The electrical steel sheets 30 have an inner magnetic path formation portion 40 and an outer magnetic path formation portion 45 in each magnetic pole P. The inner magnetic path formation portion 40 is formed so as to extend along the pole faces 6a of the permanent magnets 6. The inner magnetic path formation portion 40 is formed radially inside the magnet insertion holes 32 so as to extend along the pole faces 6a of the pair of permanent magnets 6 arranged in a V-shape. In the present embodiment, the inner magnetic path formation portion 40 corresponds to the “magnetic path formation portion.” The inner magnetic path formation portion 40 mainly serves as a path for magnetic flux (what is called q-axis flux) flowing along the pole faces 6a of the permanent magnets 6.

The inner magnetic path formation portion 40 includes a primary magnetic path region 41 and a secondary magnetic path region 42. The primary magnetic path region 41 is a region defined by a part (smallest width portion 41n) of the inner magnetic path formation portion 40, and the part has the smallest magnetic path width (width in a direction perpendicularly crossing the pole face 6a). Specifically, the primary magnetic path region 41 is a strip-shaped region having the same width as the smallest width portion 41n and extending along the pole faces 6a. The primary magnetic path region 41 is formed in the shape of a strip with a constant width so as to extend along the pole faces 6a of the pair of permanent magnets 6 arranged in a V-shape.

The smallest width portion 41n is typically formed between a line of intersection of imaginary planes, each parallel to the pole faces 6a of a corresponding one of the permanent magnets 6 and contacting the bottoms of the relief holes 32C that are included in a corresponding one of the pair of magnet insertion holes 32 and are located radially inside the pole faces 6a of the corresponding permanent magnet 6, and an inner peripheral surface 3b of the rotor core 3. The smallest width portion 41n is usually located in a middle part of each magnetic pole P in the circumferential direction C. In this case, the width of the smallest width portion 41n is approximately the radial width between the line of intersection of the imaginary planes and the inner peripheral surface 3b of the rotor core 3. The term “perpendicularly” means either a perpendicular state or a substantially perpendicular state (e.g., within ±5° with respect to the perpendicular state).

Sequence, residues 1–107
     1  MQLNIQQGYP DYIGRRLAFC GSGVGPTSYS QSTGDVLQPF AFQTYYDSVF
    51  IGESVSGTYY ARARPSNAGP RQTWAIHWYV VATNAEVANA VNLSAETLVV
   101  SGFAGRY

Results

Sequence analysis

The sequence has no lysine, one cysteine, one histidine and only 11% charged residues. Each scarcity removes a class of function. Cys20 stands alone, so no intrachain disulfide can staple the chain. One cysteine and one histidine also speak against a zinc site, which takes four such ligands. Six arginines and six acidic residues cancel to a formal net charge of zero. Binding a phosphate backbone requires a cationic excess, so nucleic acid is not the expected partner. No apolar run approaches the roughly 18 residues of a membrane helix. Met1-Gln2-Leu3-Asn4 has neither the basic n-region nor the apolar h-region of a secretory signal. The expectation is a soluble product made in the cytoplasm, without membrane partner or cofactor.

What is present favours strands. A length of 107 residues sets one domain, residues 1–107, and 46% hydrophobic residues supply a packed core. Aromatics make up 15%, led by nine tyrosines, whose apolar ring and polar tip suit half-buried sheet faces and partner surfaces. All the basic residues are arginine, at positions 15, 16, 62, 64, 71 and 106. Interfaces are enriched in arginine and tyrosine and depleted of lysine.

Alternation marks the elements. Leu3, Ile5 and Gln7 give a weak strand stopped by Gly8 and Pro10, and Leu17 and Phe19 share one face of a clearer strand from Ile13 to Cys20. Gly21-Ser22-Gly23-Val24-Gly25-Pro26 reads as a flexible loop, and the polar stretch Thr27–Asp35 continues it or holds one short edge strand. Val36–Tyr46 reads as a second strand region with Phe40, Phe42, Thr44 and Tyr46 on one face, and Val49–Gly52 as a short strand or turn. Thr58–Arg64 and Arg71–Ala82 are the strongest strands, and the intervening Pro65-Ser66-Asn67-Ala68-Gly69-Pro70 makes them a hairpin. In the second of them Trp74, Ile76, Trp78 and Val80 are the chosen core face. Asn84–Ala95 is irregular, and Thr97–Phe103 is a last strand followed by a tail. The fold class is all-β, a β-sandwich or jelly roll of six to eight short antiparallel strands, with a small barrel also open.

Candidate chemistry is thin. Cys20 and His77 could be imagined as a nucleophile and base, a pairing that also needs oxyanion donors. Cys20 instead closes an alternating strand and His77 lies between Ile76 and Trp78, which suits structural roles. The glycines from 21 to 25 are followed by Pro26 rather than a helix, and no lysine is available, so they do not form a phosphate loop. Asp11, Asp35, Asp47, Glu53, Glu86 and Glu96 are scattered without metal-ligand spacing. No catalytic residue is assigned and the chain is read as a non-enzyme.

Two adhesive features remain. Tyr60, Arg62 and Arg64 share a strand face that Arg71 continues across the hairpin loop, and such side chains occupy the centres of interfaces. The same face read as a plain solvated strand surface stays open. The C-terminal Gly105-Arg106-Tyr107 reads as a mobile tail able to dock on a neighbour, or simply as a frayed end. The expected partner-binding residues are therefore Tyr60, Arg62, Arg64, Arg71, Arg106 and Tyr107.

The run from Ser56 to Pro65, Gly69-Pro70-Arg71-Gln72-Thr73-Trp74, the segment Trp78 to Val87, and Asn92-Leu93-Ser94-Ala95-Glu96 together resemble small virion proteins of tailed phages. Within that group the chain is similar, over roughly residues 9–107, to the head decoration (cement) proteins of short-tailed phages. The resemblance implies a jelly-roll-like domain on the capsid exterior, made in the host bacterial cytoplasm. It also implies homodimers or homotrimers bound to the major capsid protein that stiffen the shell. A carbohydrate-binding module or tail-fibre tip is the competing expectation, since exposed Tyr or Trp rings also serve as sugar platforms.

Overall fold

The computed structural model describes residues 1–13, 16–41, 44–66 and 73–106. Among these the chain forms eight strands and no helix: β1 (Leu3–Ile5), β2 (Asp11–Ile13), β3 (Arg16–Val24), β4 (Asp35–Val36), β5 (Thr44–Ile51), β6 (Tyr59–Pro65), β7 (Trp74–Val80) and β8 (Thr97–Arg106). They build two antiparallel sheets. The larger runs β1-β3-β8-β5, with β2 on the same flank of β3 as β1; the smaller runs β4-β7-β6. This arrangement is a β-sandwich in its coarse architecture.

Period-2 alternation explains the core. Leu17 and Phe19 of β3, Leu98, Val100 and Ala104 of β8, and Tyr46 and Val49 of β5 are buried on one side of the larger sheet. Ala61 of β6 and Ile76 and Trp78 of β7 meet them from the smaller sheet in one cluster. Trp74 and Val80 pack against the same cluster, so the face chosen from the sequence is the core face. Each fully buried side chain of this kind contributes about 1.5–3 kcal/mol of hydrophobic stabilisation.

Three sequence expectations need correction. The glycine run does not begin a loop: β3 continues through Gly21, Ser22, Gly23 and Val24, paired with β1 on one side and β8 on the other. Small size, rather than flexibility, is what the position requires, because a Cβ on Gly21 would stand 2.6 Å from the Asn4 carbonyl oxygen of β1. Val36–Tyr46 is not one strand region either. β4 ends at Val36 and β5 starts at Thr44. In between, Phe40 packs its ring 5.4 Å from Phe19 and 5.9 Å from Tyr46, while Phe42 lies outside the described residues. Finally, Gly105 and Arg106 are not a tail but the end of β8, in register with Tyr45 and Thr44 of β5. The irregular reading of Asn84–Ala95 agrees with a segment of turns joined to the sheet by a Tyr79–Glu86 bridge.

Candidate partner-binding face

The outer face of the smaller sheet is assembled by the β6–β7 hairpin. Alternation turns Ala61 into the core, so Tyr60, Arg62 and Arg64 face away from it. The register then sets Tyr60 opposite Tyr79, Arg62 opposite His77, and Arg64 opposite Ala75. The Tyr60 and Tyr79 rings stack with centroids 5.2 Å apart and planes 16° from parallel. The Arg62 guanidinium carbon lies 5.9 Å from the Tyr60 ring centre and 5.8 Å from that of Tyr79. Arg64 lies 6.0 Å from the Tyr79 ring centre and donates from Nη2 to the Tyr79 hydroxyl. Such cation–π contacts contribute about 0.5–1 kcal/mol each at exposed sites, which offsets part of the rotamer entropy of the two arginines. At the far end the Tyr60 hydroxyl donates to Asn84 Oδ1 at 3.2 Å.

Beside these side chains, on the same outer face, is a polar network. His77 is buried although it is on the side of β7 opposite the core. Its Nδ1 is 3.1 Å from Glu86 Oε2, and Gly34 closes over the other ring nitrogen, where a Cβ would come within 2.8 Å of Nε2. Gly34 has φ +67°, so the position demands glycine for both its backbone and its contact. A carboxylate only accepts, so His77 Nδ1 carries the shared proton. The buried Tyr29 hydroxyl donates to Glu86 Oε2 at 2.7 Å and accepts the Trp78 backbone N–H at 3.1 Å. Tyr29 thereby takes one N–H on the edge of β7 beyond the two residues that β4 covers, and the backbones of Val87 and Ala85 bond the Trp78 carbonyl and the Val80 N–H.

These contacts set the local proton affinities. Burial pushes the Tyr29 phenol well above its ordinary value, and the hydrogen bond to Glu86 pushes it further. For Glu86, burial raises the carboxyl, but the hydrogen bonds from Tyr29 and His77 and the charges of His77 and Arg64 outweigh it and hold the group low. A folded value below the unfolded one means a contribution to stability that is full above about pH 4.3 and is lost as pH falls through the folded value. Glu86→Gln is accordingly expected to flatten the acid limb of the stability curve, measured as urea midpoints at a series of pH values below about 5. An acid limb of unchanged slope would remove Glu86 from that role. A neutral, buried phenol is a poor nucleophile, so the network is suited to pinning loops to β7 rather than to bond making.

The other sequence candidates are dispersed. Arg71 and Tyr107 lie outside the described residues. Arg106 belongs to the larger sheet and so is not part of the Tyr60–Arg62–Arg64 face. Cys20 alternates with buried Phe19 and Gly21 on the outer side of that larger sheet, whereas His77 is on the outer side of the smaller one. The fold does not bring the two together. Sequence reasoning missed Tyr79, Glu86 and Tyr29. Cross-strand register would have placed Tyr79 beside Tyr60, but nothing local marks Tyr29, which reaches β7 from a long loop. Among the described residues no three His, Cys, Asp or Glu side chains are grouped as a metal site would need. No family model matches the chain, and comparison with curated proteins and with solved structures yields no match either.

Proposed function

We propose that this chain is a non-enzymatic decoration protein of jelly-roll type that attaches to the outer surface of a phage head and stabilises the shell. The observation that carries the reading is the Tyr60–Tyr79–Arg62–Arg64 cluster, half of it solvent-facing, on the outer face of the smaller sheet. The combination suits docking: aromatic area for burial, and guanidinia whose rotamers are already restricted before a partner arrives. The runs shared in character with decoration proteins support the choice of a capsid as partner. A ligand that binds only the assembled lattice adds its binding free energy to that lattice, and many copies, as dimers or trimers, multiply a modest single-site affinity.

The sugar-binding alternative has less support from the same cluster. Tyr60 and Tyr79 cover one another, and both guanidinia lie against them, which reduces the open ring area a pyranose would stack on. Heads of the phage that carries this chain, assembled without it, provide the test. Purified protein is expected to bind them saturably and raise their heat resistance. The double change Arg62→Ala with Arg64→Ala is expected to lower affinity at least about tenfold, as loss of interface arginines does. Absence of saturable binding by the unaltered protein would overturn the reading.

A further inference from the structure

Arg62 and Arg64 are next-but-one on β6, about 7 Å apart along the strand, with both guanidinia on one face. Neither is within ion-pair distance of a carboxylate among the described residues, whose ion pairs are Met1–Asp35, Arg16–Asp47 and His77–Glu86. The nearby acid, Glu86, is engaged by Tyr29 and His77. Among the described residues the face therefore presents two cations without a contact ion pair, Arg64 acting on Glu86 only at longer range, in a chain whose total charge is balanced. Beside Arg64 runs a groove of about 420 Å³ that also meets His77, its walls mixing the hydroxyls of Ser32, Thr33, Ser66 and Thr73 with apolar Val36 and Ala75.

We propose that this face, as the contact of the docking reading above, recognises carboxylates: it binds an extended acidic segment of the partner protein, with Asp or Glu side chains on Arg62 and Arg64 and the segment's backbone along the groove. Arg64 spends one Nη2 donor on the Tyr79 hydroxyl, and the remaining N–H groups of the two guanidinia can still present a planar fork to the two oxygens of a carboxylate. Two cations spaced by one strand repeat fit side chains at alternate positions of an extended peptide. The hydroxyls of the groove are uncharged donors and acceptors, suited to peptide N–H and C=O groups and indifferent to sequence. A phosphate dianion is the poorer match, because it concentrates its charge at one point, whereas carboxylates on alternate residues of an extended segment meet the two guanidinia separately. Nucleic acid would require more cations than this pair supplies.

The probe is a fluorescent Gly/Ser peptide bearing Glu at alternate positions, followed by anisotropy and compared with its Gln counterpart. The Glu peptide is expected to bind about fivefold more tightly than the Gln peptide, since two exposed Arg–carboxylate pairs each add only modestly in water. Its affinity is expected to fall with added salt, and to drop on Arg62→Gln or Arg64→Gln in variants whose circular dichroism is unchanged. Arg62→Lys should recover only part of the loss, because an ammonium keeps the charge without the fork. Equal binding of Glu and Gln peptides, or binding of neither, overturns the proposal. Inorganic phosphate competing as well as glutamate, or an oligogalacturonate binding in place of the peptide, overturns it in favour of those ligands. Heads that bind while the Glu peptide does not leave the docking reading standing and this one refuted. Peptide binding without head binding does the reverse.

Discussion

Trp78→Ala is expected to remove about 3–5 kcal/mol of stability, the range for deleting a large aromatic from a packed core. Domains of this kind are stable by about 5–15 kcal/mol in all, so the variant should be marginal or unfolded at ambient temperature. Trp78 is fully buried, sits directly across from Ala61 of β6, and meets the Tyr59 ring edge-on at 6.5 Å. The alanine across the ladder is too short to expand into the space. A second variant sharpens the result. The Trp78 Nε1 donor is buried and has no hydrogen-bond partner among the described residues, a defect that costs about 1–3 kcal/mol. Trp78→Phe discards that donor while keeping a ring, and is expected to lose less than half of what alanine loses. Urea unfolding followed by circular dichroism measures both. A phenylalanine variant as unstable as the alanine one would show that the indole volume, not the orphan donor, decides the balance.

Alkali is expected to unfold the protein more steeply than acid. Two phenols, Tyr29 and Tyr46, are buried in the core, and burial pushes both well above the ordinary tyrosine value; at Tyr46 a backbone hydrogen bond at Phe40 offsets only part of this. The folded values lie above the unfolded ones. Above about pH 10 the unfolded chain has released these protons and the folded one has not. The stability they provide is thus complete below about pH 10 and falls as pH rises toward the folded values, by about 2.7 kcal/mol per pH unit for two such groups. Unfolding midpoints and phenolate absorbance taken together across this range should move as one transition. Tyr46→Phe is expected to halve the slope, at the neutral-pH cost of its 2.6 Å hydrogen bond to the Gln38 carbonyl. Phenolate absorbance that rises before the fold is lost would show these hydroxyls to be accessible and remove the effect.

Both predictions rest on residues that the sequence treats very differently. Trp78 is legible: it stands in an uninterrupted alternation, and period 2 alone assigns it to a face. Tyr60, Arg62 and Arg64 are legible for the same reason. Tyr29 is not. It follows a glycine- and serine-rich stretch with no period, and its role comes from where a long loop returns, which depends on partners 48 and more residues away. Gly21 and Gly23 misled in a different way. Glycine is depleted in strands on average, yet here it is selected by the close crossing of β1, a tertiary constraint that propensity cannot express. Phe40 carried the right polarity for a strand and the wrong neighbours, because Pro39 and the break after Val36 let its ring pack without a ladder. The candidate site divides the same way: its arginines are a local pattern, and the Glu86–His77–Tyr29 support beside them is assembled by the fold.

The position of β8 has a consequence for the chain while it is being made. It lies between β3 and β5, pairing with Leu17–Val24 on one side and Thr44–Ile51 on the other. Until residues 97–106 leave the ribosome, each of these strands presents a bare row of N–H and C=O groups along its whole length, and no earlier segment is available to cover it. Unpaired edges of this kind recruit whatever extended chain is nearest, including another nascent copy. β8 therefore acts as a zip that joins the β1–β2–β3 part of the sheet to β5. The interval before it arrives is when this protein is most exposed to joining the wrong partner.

The secondary magnetic path region 42 is a region that is included in a portion having a larger magnetic path width than the smallest width portion 41n and that is located closer to the magnet insertion holes 32 than the primary magnetic path region 41 is. As described above, the primary magnetic path region 41 is defined by the smallest width portion 41n, and the smallest width portion 41n is determined based on the relief holes 32C. The secondary magnetic path region 42 is therefore a region that is located radially inside the magnet insertion holes 32 and radially outside the imaginary planes each parallel to the pole faces 6a of the permanent magnet 6 and contacting the bottoms of the relief holes 32C located radially inside the pole faces 6a of the permanent magnet 6. The secondary magnetic path region 42 is a deformed region extending along the pole faces 6a of the pair of permanent magnets 6 arranged in a V-shape and conforming to the shapes of the relief holes 32C and the positioning protrusions 34.

The outer magnetic path formation portion 45 is formed so as to extend in the circumferential direction C between the pair of permanent magnets 6 and the outer peripheral surface 3a of the rotor core 3. The outer magnetic path formation portion 45 mainly serves as a path for magnetic flux (what is called d-axis flux) flowing in the magnetization direction of the permanent magnets 6.